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Hell Trivia Quiz Questions With Answers

Trivia quiz questions with answers about Hell

 

Hell Trivia Quiz Questions With Answers

What is Hell?
A: Hell, in religion and folklore, is an afterlife location, sometimes a place of torment and punishment.

Religions with a linear divine history often depict hells as what?
A: Eternal destinations while religions with a cyclic history often depict a hell as an intermediary period between incarnations.

Typically where do these traditions locate hell?
A: In another dimension or under the Earth's surface and often include entrances to Hell from the land of the living.

Other afterlife destinations include what?
A: Heaven, Purgatory, Paradise, and Limbo.

Other traditions, which do not conceive of the afterlife as a place of punishment or reward, merely describe Hell as what?
A: An abode of the dead, the grave, a neutral place located under the surface of Earth (for example, see Sheol and Hades).

The modern English word hell is derived from what?
A: Old English hel, helle (first attested around 725 AD to refer to a nether world of the dead) reaching into the Anglo-Saxon pagan period.

Hell appears in several what?
A: Mythologies and religions.

 
It is commonly inhabited by whom?
A: Demons and the souls of dead people.

Hell is often depicted in art and literature, perhaps most famously in Dante's what?
A: Divine Comedy.

Punishment in Hell typically corresponds to what?
A: Sins committed during life.

Sometimes these distinctions are specific, with damned souls suffering for each sin committed (see for example Plato's myth of Er or Dante's The Divine Comedy), but sometimes they are what?
A: General, with condemned sinners relegated to one or more chamber of Hell or to a level of suffering.

In many religious cultures, including Christianity and Islam, Hell is often depicted as what?
A: Fiery, painful, and harsh, inflicting suffering on the guilty.

Despite these common depictions of Hell as a place of fire, some other traditions portray Hell as what?
A: Cold.

Buddhist - and particularly Tibetan Buddhist - descriptions of Hell feature what?
A: An equal number of hot and cold Hells.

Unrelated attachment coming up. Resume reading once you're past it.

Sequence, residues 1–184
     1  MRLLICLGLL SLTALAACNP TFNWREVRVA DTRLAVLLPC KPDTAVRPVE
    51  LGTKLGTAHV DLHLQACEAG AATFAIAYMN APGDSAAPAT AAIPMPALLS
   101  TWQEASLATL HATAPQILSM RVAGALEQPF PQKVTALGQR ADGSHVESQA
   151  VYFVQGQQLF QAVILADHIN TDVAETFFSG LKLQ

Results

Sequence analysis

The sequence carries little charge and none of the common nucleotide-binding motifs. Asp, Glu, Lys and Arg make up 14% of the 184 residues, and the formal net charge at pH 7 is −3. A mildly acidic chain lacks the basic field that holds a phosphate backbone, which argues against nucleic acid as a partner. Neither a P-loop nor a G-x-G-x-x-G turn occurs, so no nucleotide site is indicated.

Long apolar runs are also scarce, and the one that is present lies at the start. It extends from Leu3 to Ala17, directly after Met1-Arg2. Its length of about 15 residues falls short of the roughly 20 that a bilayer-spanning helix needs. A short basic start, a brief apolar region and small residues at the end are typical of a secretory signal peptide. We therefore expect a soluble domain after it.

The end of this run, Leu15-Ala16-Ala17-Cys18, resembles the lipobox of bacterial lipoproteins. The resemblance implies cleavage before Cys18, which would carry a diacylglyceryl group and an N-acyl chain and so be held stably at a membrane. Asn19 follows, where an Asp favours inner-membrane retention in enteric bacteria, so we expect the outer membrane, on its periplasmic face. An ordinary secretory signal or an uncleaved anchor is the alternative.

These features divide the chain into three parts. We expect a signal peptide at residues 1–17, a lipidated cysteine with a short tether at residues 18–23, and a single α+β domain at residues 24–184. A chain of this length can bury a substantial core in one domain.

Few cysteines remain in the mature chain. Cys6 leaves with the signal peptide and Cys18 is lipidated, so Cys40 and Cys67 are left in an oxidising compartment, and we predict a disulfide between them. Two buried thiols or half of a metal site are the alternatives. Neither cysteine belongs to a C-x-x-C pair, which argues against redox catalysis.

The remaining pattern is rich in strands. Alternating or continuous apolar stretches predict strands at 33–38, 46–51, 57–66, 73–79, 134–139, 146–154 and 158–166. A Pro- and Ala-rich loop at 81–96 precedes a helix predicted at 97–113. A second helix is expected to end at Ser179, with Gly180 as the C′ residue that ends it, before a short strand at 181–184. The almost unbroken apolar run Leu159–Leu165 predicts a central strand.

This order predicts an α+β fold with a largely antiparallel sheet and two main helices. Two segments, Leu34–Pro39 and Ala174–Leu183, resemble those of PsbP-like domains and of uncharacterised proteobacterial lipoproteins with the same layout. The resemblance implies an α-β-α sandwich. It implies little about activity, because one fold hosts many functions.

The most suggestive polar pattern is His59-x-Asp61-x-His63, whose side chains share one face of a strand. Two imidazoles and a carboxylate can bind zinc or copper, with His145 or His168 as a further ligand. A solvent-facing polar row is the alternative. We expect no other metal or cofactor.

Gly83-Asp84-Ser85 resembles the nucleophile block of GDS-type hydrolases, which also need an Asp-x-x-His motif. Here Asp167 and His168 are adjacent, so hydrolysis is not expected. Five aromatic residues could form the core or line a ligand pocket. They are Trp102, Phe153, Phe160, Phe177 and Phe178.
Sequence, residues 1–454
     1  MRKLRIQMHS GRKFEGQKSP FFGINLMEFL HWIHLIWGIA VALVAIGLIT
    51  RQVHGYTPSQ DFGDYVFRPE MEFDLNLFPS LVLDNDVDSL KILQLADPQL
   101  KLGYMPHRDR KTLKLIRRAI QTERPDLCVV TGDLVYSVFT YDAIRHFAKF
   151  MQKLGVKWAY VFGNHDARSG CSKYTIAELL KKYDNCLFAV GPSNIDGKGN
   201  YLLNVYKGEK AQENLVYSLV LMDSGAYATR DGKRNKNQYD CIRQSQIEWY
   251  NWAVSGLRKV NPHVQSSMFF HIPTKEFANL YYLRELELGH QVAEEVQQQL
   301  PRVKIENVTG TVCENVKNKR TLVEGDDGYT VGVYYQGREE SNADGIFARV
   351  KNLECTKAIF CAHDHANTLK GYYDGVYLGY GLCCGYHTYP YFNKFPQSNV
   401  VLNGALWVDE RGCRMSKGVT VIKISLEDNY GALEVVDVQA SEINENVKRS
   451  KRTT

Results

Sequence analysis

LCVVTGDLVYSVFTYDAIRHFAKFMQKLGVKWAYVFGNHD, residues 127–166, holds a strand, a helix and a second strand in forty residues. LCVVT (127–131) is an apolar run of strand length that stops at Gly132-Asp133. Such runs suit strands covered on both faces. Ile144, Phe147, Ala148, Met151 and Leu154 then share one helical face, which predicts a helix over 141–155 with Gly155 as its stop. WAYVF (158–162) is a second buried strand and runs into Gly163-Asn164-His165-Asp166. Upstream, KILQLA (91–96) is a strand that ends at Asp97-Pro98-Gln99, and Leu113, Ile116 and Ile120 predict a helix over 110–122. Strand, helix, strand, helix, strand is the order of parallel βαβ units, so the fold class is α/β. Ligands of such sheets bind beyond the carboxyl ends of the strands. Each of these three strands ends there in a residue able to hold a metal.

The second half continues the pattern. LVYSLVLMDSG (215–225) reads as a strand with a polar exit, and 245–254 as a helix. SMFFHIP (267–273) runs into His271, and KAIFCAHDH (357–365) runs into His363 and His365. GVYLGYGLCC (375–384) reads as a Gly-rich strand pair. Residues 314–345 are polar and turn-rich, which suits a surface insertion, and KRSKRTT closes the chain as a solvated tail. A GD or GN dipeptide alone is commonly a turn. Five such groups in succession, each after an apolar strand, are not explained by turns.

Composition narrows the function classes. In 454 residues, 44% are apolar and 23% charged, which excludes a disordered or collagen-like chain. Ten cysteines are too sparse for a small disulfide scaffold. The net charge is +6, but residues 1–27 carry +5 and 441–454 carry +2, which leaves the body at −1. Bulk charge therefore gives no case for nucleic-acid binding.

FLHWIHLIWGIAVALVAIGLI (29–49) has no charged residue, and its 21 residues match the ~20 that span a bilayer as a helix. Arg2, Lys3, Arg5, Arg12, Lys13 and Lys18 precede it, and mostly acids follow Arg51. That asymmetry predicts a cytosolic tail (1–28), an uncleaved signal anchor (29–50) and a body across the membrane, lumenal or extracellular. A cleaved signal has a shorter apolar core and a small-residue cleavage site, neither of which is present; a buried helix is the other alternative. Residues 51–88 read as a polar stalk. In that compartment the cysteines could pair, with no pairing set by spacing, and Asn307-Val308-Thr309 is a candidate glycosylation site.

Among Christian descriptions Dante's Inferno portrays the innermost (9th) circle of Hell as a what?
A: A frozen lake of blood and guilt.

The Sumerian afterlife was a dark, dreary cavern located where?
A: Deep below the ground, where inhabitants were believed to continue "a shadowy version of life on earth".

This bleak domain was known as what?
A: Kur, and was believed to be ruled by the goddess Ereshkigal.

All souls went to the same afterlife and a person's actions during life had no effect on what?
A: How the person would be treated in the world to come.

The souls in Kur were believed to eat nothing but what?
A: Dry dust.

Family members of the deceased would ritually pour libations into the dead person's grave through what?
A: A clay pipe, thereby allowing the dead to drink.

Nonetheless, funerary evidence indicates that some people believed that the goddess Inanna, Ereshkigal's younger sister, had the power to do what?
A: To award her devotees with special favors in the afterlife.

 
During the Third Dynasty of Ur, it was believed that a person's treatment in the afterlife depended on what?
A: How he or she was buried.

Those that had been given sumptuous burials would be treated well, but those who had been given poor burials would what?
A: Fare poorly.

The entrance to Kur was believed to be located where?
A: In the Zagros Mountains in the Far East.

It had how many gates through which a soul needed to pass?
A: Seven.

The god Neti was the what?
A: The gatekeeper.

Ereshkigal's sukkal, or messenger, was what god?
A: The god Namtar.

Galla were a class of what that were believed to reside in the underworld?
A: Demons.

 
What was their primary purpose?